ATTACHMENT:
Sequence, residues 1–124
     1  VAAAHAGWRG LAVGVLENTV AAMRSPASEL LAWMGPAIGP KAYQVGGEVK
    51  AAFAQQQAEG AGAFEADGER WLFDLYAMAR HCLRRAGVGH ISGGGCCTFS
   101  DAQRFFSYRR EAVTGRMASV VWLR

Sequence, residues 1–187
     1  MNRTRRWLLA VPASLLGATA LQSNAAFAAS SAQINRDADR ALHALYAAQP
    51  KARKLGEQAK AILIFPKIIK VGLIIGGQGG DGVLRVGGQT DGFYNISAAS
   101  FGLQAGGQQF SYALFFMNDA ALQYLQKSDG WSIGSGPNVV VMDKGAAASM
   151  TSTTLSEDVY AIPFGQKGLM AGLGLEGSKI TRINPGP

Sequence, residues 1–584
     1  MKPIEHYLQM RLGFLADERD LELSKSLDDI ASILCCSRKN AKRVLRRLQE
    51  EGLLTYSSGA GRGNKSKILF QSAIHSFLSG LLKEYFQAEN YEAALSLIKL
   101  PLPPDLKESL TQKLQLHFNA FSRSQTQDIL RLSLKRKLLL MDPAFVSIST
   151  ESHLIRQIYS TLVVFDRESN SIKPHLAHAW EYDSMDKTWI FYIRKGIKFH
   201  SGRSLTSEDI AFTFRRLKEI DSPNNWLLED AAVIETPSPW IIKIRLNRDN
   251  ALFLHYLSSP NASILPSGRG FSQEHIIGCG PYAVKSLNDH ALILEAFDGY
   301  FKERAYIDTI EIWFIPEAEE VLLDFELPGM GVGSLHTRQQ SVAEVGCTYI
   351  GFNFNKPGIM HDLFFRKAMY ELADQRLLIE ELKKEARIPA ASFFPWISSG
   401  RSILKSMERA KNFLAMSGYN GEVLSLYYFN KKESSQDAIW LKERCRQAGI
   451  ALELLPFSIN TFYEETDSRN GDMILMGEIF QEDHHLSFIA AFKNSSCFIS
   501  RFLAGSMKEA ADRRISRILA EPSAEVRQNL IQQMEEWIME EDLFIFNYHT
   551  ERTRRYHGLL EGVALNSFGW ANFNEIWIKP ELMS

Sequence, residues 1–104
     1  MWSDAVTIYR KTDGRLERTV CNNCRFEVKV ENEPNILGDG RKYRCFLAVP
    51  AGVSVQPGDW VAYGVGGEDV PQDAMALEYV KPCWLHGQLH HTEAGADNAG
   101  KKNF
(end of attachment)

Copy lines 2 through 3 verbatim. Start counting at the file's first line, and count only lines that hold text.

     1  VAAAHAGWRG LAVGVLENTV AAMRSPASEL LAWMGPAIGP KAYQVGGEVK
    51  AAFAQQQAEG AGAFEADGER WLFDLYAMAR HCLRRAGVGH ISGGGCCTFS